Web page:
It’s now midnight and the temperature in my room has only dropped to 39 degrees Celsius. I’ve covered myself with a wet sheet and I’m watching the ceiling fan painstakingly cut through the heavy air. A few minutes ago, when the electricity died, I had a moment of panic and was about to drag my mattress onto the roof of the hotel when the fan started up again.

Lucknow has a number of tourist sights and I decided to attempt them in the cooler post-dawn hours between 5 am and 8 am. First, I went to the old British Residency where the Indian Mutiny of 1857 started. The buildings where the British were held still stand as they did at the end of the 109-day siege that killed over 2,000 out of the 3,000 captives. Today the area is a peaceful and beautifully kept park where Indian children play cricket and hide-and-seek amongst the bullet ridden and canon damaged ruins, and their parents go for their early morning constitutionals.

I also visited a nearby mosque and meandered in the intricate labyrinth built above it. This building is an example of Keynesian economics: it was commissioned by the local ruler in 1784 to provide famine relief to the local population. Another building, a few hundred metres away was also a famine relief project built in 1837 by Mohammed Ali Shah as his future mausoleum. The courtyard houses two small dilapidated copies of the Taj Mahal.

Doomsday came and went without any incidents and the next day I left Lucknow and the hot plains to reach the hill station of Pithoragarh. The first day I covered a leisurely 130 kilometres and the next day a gruelling 320 kilometres, most of which on small mountains roads, made worse by an additional 60 kilometres because I again ran out of petrol and had to backtrack to fill up. Fortunately the road to the petrol station was mostly downhill so I was able to switch off my engine and free-wheel most of the way.

Running out of petrol once was embarrassing but twice in the space of one week was ridiculous. Convinced it could not possibly be my fault – by my calculations I had another 100 kilometres in the tank – I went to a bike garage to ask the mechanic to check for a leak. He checked various tubes and blew into the tank but found nothing untoward. However, he thought the engine did not sound quite right and suggested it could simply be a problem with the tuning. He explained that adjusting the air and petrol mixture should give me an additional five kilometres to the litre, bringing it back to the usual 30 kilometres per litre. It turned out he was right.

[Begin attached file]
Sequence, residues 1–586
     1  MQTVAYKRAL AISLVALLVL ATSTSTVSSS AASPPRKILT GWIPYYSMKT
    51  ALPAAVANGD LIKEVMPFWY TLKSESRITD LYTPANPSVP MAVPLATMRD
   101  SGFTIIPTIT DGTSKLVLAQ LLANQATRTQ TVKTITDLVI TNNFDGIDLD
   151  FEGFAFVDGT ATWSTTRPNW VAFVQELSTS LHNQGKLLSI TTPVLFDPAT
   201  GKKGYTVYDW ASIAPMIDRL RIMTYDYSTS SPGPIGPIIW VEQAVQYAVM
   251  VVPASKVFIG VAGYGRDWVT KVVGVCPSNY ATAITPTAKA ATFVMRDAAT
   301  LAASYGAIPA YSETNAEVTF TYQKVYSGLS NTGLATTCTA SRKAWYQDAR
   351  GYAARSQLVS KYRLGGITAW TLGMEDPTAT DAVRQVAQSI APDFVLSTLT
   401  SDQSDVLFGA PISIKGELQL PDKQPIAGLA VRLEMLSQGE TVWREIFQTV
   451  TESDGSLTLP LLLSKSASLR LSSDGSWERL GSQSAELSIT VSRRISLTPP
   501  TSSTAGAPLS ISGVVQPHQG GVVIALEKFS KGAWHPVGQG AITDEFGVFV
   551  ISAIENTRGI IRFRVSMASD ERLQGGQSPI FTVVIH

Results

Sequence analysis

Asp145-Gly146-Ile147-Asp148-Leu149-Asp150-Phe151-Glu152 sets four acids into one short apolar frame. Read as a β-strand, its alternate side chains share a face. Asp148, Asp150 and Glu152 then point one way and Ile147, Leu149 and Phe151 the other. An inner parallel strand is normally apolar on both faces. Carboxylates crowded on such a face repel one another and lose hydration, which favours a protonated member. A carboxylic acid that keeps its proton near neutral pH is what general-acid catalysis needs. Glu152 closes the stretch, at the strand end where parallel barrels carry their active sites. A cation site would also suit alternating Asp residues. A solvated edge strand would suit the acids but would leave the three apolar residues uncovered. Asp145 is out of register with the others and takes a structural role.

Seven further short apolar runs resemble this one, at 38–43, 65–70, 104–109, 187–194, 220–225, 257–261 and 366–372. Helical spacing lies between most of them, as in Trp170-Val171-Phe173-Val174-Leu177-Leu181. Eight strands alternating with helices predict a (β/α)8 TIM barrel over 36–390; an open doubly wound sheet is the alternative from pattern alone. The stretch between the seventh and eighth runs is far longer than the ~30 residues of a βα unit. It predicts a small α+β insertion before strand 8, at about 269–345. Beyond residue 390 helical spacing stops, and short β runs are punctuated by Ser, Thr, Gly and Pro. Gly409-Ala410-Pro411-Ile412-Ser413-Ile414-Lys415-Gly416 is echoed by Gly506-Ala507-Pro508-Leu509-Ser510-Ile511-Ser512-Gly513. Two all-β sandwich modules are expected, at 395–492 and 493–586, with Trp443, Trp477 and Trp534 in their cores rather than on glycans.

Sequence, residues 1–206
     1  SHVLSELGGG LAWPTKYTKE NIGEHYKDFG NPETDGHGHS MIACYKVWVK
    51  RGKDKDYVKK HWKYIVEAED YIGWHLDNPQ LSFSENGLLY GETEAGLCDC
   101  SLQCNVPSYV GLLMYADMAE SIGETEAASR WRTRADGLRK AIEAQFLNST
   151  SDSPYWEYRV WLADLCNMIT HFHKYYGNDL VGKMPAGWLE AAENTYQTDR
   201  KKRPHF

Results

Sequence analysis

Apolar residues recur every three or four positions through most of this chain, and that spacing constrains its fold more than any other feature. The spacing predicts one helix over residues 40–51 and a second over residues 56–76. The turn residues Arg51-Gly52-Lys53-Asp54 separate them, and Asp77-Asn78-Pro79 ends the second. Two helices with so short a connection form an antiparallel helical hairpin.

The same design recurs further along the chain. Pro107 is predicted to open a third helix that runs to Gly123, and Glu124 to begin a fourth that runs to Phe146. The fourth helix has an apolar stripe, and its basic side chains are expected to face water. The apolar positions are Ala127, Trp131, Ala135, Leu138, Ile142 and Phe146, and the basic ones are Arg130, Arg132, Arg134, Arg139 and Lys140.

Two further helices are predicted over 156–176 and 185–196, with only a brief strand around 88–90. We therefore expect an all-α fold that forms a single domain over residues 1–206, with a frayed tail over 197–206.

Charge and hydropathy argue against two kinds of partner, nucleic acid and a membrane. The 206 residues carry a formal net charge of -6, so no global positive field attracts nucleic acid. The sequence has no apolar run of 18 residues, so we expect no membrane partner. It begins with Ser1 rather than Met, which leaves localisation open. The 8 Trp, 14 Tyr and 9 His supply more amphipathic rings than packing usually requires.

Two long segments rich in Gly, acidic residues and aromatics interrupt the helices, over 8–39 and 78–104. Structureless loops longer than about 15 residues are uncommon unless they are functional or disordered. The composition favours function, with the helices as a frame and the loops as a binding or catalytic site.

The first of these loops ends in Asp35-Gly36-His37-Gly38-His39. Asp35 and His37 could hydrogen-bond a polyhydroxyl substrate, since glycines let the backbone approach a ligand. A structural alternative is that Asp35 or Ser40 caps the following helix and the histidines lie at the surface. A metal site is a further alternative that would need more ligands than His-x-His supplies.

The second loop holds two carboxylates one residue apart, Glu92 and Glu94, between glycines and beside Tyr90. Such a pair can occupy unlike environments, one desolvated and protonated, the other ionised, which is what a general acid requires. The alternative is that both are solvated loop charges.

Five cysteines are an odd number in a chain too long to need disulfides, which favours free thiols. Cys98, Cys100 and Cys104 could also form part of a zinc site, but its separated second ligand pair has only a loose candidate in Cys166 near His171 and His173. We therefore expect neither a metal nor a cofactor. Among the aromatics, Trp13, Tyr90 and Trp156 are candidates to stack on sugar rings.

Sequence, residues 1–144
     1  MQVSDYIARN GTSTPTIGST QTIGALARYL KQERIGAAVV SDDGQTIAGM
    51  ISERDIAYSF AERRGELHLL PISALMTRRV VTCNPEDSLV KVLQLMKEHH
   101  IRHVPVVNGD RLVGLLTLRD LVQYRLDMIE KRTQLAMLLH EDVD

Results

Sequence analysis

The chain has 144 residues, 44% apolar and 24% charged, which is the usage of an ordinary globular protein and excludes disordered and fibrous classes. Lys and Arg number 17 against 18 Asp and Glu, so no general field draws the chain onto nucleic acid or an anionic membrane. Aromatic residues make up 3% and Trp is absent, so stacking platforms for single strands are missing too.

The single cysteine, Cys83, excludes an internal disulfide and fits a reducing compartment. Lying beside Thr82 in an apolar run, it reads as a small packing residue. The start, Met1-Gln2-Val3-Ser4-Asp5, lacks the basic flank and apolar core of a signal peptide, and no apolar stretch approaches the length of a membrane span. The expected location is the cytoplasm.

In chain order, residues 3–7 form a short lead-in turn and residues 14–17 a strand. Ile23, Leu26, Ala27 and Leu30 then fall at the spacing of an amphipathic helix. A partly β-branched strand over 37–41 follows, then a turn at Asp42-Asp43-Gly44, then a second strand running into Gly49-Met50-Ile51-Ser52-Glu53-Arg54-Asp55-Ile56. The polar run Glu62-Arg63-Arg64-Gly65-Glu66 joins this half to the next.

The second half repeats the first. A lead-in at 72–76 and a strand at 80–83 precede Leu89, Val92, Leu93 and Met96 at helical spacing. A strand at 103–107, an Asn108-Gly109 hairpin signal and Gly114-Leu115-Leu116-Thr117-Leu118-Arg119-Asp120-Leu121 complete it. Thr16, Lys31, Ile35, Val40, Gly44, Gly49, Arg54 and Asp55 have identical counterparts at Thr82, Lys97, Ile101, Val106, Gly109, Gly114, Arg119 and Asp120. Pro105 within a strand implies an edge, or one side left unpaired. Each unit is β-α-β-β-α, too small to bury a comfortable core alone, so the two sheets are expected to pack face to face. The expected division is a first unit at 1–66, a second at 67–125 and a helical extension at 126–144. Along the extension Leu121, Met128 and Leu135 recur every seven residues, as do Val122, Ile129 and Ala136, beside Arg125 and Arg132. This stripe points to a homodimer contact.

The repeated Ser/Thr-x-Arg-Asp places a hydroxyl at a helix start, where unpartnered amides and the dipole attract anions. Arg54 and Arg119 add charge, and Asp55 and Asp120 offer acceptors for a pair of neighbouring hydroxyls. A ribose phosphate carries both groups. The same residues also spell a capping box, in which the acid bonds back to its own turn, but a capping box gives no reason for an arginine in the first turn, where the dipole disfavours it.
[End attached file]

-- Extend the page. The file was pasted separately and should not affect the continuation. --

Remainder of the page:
As I continued up the mountains, I passed yet another road improvement project. If the Indian Railway is the largest single employer in the world, I would think the Indian Department of Roadwork’s must come in a close second.

I watched three men dig a trench with a single shovel: one man planted the shovel in the earth while the other two pulled it up with the help of two ropes tied to the wooden handle. I’m sure two men with a shovel each would have done a much more efficient job, although obviously it’s much cheaper to hire extra labour than to buy another shovel.

I ended a twelve-hour day with a tumble into a small gully – actually a drainage trench – by the side of the road as I swerved unsuccessfully to avoid a yapping dog. The dog seemed to come out all right from the encounter, at least well enough to run away shrieking, and I came out with only a few more bruises to add to the collection on my legs: I still hadn’t completely mastered the temperament of the bike’s kick-start.

Lifting the bike out of the 80 centimetres trench took six men and a woman.

And encouragement from a gallery of 20 spectators.

Thirsty, slightly shaken and again suffering from a heat rash, I went in search of a room for the night but every hotel was full of people who, like me, were escaping from the heat of the plains. In addition the town was hosting some military exams and there were many young students occupying hotel rooms.

Eventually the manager of the fifth hotel asked one of the students in a single room if he would share with another boy. I was very grateful and must have shown it a little too much because the youth knocked at my door a few minutes later and asked, ‘Do you like sex with me?’